Expired patents could cost Brooks Brothers $500 per tie


Brooks Brothers

is facing legal claims that it marked its bow ties with expired patent numbers, which could cost the company as much as $500 per tie.

The U.S. Court of Appeals for the Federal Circuit in Washington yesterday gave the go-ahead for lawyer Raymond Stauffer to pursue his claim against the Brooks Brothers.

It's illegal to mislabel products with the wrong patent numbers, and the U.S. lets individuals sue on the government's behalf and keep half of any penalties, which can be as much as $500 for each item.

Brooks Brothers incorrectly marked 120 different styles of ties, which sell for about $45 to $100 a piece, Stauffer told the Wall Street Journal. So if Stauffer wins and nets $250 per tie ... cha-ching!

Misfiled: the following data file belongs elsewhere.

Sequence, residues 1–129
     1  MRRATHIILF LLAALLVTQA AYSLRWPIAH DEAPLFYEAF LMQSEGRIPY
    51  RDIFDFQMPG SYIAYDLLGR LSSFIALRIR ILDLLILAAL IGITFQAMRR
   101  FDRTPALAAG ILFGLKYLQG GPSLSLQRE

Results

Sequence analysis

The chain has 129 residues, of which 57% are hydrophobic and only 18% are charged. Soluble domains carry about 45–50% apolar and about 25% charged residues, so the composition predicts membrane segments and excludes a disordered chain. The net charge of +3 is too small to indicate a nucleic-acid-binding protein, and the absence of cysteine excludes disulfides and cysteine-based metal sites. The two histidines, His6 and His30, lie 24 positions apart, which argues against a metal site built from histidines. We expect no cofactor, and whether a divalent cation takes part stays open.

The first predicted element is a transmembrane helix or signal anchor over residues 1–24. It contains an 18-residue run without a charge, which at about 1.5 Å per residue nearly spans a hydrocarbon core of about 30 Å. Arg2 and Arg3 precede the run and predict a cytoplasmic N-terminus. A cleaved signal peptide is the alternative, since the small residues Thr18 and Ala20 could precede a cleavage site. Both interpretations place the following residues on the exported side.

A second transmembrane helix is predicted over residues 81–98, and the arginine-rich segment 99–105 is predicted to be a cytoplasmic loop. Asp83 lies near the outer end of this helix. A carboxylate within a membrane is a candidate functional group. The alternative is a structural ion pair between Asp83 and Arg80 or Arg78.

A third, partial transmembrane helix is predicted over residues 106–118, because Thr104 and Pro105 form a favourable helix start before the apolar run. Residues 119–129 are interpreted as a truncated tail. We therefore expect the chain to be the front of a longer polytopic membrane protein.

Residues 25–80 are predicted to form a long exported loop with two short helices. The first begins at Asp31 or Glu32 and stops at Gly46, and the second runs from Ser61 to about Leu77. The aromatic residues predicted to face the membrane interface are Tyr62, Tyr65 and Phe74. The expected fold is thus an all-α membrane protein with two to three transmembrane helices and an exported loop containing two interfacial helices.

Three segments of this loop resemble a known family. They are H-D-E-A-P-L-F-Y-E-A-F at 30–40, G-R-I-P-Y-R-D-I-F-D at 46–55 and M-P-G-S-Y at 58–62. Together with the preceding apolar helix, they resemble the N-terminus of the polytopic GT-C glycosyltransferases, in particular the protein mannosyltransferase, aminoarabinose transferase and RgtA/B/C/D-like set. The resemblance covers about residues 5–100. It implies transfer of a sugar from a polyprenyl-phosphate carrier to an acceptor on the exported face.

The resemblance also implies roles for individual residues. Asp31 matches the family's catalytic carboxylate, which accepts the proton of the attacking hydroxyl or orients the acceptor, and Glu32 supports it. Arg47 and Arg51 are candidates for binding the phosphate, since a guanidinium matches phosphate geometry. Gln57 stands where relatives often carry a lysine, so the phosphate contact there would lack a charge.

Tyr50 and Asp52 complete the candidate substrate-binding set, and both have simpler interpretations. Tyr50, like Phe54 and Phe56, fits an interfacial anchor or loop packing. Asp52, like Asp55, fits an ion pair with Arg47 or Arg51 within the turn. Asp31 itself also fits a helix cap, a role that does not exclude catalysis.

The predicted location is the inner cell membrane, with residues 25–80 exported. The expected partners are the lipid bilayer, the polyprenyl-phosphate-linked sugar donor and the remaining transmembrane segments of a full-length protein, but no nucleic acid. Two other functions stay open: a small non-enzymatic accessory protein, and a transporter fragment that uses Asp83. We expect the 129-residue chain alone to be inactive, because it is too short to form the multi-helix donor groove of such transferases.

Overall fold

Patents have a 17 or 20 year life span. To keep them valid, companies must pay maintenance fees every four years. Once they expire, the holder is expected to remove the numbers from products.

Brooks Brothers got the lawsuit thrown out in May 2009 by a judge who said Stauffer, a patent lawyer from New Jersey, didn't have the standing to bring the case.

Companies can fend off such lawsuits by proving they didn't mean to deceive customers when posting the expired patents. The outcome of the case will likely be closely watched by some 350 companies who have similar lawsuits pending against them.